With the ongoing debate, it becomes essential to determine whether the rule of confidentiality is conferred as a right, i.e., power of privilege protected by statute/legislation, or is merely a procedural norm that may or may not be observed depending upon Tribunal or other factors. Let us try to understand the status of currently prevailing laws and court decisions in various parts of the globe. In England, as discussed before, the confidentiality rule has always been regarded as ultimately vital to the arbitral process. In the case of Dolling-Baker v. Merrett[7], the English Court has held that, as between the parties to an arbitration, its very nature is such that there must be some implied obligation on both parties not to disclose or use for any other purpose, any documents prepared for and used in the arbitration. Similarly, The Hong Kong Arbitration Ordinance (HKAO)[8] expressly imposed confidentiality in arbitration proceedings in 2011, mandating non-disclosure of any information pertaining to arbitral proceedings. Where parties do not agree on confidentiality measures, statutory restrictions will apply. The three exceptions are Mandatory legal disclosures necessary for enforcing a right and disclosure while challenging the arbitral award. Also, the Philippines Alternative Resolution Act 2004[9] promotes party autonomy in dispute resolution and explicitly provides confidentiality in arbitral proceedings. Courts can issue protective orders to prevent the disclosure of documents that are proven confidential.[10]

The UNCITRAL Model Law already allows the parties to the arbitration to incorporate a confidentiality clause in the arbitration agreement if they wish to do so. Similarly, In AAY v. AAZ,[11] the Singapore High Court opined that non-disclosure of parties’ identities amounted to the protection of confidentiality of arbitral proceedings. The High Court reiterated the respect for confidentiality in arbitration while considering sealing arbitration documents. It further affirmed that any question on the applicability of confidentiality in arbitration is a question of the very nature of the process. While observing that it is erroneous to presume that all information tendered during arbitration will remain confidential, the Court has held that the Parties have the autonomy to decide if they wish to disclose the details of arbitration and award.[12]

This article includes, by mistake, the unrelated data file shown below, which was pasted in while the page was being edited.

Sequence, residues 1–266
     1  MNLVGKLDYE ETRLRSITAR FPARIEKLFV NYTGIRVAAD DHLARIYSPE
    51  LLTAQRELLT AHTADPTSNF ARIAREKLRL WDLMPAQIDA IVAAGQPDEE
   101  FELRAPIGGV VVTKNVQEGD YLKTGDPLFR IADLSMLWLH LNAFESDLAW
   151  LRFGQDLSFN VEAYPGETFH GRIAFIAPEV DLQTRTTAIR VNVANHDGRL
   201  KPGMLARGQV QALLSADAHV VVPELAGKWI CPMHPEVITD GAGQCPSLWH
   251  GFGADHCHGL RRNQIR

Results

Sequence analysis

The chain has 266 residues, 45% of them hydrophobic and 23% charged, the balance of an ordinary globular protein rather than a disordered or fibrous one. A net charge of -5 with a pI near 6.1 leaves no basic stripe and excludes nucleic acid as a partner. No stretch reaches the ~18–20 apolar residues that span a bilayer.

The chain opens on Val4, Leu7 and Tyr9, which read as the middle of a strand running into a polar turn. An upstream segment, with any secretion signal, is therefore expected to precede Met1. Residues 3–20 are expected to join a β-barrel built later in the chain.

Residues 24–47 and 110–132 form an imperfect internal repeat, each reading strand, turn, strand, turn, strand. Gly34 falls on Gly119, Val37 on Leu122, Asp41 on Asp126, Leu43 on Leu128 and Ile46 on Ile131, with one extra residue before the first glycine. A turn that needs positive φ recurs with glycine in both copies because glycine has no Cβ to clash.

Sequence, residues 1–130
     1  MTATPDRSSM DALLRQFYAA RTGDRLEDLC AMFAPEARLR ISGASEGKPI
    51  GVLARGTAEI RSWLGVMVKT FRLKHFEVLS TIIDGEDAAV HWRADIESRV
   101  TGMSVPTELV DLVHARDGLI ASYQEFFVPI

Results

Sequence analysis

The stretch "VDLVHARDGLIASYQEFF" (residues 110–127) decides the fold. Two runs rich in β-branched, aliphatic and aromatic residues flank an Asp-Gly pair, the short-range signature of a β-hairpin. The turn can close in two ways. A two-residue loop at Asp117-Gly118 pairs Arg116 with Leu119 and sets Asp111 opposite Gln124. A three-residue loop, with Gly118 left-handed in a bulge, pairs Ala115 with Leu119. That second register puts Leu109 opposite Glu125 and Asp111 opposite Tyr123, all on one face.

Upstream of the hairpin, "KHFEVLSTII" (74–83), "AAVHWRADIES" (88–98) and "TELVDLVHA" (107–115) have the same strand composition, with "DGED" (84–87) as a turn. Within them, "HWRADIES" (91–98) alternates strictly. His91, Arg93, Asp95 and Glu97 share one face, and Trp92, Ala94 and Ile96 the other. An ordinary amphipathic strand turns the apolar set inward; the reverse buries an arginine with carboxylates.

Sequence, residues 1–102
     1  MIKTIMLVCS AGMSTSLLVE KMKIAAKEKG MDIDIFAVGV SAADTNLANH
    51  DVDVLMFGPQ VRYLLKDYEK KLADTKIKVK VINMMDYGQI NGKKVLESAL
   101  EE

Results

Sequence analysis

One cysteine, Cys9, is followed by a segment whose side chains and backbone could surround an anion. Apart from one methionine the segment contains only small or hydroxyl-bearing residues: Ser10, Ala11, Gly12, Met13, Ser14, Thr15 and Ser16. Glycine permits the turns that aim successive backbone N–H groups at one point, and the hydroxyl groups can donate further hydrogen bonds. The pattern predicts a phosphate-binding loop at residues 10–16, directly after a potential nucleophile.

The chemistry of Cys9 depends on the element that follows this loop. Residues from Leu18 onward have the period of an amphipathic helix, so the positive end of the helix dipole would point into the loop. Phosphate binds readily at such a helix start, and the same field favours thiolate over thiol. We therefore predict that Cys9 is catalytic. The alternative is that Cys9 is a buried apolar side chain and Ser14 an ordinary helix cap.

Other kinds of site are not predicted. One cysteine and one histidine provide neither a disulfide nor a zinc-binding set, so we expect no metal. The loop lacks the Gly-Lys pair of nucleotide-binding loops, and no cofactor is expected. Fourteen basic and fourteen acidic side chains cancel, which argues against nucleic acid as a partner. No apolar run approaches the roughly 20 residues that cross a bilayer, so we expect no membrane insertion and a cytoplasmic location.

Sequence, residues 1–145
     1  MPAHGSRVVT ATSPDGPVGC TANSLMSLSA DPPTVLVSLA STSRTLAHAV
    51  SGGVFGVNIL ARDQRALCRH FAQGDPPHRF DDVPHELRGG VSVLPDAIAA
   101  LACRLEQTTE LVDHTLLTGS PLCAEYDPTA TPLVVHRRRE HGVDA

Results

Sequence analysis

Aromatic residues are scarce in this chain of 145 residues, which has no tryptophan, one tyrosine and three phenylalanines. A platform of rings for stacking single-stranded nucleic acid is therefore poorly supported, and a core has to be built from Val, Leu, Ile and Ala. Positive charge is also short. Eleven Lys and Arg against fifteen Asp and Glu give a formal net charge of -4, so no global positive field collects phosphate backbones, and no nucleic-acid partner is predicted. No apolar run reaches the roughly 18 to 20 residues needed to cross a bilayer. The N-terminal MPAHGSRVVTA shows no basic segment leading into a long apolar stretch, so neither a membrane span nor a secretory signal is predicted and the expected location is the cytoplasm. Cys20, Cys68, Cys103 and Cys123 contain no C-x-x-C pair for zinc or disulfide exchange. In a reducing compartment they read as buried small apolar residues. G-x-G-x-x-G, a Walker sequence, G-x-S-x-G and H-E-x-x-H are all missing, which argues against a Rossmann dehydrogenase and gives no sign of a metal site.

While a strong element of privacy is inherent in the arbitration process in the United States, the confidentiality of arbitral awards is not. The FAA[13] or other laws do not ascertain any level of confidentiality in the arbitration process, and absent an agreement among the parties, no laws require the parties to keep arbitration decisions confidential.[14] However, Section 2 of the FAA provides written agreements to arbitrate disputes over transactions involving interstate commerce that are “valid, irrevocable, and enforceable.”[15] Moreover, Section 2 consistently has been construed by the Supreme Court to create a “liberal federal policy favoring arbitration agreements.”[16] This policy requires the courts to adhere to a “broad principle of enforceability” concerning the terms of arbitration agreements, including confidentiality provisions.[17] In AT&T Mobility LLC v. Concepcion[18], The Supreme Court identified a confidentiality agreement as an example of a customized feature of an arbitration proceeding that should be enforced according to its term.